We have received notice from higher-level authorities that, effective today, foreign nationals applying to our Bureau for employment licenses (就业许可)–including persons already holding Z visas but applying for work permits (就业证) for the first time in Hangzhou, and including people coming from abroad–should submit a certificate of no criminal conviction.

According to the “Rules on Management of Foreign Nationals Working in China,” foreign nationals applying for employment licenses should submit a certificate of no criminal conviction. Our Bureau will be strict on this point in examining and approving applications. Inconvenience or business needs of a work units or individual will not be grounds for waiving this requirement.

While the Bureau doesn’t specify which agency must issue the certificate, the Bureau has confirmed orally that it must list any convicitons nationwide (not just within a state or province) and it must be  authenticated by a Chinese consulate.

Frequently Asked Questions

Q1. What if the place abroad where the applicant “resides” is not his or her country of nationality?

The Beijing announcement asks for the certificate from the individual’s “place of residence,” not country of nationality. The announcement doesn’t define “place of residence,” and are unclear about whether a China CNCC could be acceptable. I’ve been told orally that a China CNCC is acceptable instead of a foreign CNCC if the applicant has lived in China for 9 months each of the most recent 3 years preceding the application. In such cases, the China CNCC must be accompanied by (a) a declaration from the applicant that he or she has not been convicted of a crime and won’t commit a crime in the future, and (b) a letter from the sponsoring work unit, if the applicant already works there, stating that to their knowledge the applicant has no convictions. Since there is no written rule, the best practice is to confirm directly with the Beijing HRSS whether this would be acceptable in your particular circumstances.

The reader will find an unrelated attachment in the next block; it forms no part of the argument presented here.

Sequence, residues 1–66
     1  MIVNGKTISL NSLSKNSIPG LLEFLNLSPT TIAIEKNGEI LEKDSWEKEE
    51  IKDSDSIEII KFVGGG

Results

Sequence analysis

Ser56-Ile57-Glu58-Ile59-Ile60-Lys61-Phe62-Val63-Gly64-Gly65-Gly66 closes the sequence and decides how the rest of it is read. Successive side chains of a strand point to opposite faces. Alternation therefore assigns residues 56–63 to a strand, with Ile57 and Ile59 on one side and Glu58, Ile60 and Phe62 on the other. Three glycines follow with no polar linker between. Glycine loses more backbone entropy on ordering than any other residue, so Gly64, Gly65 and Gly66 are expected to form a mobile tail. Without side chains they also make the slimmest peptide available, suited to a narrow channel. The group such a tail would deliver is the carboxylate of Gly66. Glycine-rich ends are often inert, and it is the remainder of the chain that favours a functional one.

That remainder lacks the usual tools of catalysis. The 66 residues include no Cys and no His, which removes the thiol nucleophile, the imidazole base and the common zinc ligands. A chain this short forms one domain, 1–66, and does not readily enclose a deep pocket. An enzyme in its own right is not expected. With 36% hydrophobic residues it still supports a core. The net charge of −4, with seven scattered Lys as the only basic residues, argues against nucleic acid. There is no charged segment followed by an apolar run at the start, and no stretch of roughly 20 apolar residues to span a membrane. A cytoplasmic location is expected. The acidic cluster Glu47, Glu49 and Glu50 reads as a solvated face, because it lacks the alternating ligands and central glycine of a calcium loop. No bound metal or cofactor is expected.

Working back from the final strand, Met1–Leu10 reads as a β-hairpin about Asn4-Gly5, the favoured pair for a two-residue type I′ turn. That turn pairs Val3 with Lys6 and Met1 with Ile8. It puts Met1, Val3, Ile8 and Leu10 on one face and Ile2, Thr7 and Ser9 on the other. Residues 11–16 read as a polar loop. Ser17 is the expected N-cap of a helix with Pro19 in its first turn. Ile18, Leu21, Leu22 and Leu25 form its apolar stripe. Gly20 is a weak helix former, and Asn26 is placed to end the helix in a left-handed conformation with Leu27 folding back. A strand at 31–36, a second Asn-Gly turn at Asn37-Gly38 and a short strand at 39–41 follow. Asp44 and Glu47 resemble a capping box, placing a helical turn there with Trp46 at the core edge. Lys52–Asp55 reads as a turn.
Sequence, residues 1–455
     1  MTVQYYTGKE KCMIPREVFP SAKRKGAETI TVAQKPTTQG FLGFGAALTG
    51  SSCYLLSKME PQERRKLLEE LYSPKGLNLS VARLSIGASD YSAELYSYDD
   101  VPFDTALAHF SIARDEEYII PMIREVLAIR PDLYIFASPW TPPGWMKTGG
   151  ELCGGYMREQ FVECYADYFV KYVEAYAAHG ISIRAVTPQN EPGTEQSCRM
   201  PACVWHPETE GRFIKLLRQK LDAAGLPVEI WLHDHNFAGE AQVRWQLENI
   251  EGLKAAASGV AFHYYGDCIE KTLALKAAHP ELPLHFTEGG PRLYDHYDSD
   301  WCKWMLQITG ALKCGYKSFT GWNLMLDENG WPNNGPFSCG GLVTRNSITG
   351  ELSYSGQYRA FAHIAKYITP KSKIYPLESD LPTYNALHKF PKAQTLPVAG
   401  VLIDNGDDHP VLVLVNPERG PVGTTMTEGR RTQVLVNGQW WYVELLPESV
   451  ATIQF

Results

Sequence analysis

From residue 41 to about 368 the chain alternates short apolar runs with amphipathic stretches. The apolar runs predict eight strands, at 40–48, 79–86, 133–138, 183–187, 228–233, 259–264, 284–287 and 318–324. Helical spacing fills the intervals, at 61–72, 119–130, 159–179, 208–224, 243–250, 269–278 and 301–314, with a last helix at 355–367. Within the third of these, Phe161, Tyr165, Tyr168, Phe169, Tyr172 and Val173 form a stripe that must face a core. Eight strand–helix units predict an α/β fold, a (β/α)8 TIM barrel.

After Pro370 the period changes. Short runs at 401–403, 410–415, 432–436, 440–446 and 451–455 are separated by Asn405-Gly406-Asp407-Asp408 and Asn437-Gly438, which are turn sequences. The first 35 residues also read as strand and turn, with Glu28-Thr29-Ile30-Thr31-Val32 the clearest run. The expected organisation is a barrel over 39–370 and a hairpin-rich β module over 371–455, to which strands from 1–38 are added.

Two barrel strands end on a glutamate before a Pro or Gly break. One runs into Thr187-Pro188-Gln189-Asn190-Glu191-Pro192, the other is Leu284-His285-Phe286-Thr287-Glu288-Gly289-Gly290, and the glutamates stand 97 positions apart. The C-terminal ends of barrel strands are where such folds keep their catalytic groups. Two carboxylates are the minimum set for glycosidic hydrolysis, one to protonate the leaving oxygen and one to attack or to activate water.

Qingdao’s  Municipal Bureau of Human Resources and Social Security more ambiguously requires that the notarization be done by one’s “own country.” Qingdao will not accept a China CNCC.

Q2. What forms of the certificate of no criminal conviction are issued in the United States?

Various forms of CNCCs are issued in the U.S.:

  • FBI: An FBI criminal history summary check (“rap sheet”) requires submission of fingerprints. Fingerprinting options include, but are not limited to, being fingerprinted abroad or by a “channeler” in the U.S. Typically, U.S. Embassies and Consulates abroad don’t assist with fingerprinting for purposes of obtaining a CNCC. But the U.S. Embassy in Beijing and the U.S. Consulates in  Shanghai and Chengdu have posted instructions for how to get fingerprinted by local PRC agencies. A completed fingerprint card can then be submitted to the FBI (processing takes 5-6 weeks) or to a channeler (processing takes 1-2 days).

  • State and local law enforcement authorities: Each has its own procedures for requesting a certificate of criminal conviction. Some require fingerprints, and some require the applicant to apply in person. For state-level contact information, see the FBI’s list of State identification bureaus.
  • Court: Courts can issue a letter stating that a search of their records shows no conviction.
  • Prosecutor
  • Private agency certificates based on queries of public databases

Q3. What forms of certificate of no criminal conviction do other countries besides the U.S. issue?

Here’s a list of methods for getting a CNCC from various countries. It’s published by the U.S. State Department. It’s not all-inclusive.

Q4: When does a CNCC need to be authenticated? What’s the procedure?

Authenticating a foreign document simply means confirming that a signature, seal or stamp appearing on the document is genuine. Authentication in no way attests to the truthfulness of the contents of a document.

Qingdao requires that all CNCCs be authenticated. Beijing requires authentication only if the CNCC isn’t from a public security agency (i.e., local or state police or the FBI) or a justice authority (i.e., a court or prosecutor).

To authenticate an FBI criminal history summary check, it must be submitted to the State Department and then to the PRC Embassy in Washington, DC.

Basic information about authenticating other types of documents is outlined in the PRC Consulate in Los Angeles’ instructions for authentication.

Q5: Will any conviction–or just certain convictions–render a person ineligible for an employment license?

Unclear.